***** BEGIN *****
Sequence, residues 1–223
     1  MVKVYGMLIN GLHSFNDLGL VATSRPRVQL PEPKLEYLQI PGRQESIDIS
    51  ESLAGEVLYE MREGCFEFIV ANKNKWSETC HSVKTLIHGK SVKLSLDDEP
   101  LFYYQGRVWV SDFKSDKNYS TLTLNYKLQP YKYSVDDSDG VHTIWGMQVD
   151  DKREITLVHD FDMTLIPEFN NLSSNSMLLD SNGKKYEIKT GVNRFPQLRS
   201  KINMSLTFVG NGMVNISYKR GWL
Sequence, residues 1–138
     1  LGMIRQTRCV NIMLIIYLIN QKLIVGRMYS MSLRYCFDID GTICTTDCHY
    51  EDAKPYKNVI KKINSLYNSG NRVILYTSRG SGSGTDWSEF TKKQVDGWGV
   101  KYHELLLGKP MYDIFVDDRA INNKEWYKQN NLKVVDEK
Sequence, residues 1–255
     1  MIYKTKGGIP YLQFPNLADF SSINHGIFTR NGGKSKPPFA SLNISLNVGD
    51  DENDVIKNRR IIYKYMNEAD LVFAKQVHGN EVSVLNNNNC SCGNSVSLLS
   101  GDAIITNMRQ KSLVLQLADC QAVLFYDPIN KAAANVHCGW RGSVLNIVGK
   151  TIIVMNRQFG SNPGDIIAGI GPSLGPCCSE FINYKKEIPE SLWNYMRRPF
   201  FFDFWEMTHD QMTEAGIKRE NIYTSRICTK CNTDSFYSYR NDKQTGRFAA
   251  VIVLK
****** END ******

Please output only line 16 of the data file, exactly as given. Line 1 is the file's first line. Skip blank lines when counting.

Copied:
   201  FFDFWEMTHD QMTEAGIKRE NIYTSRICTK CNTDSFYSYR NDKQTGRFAA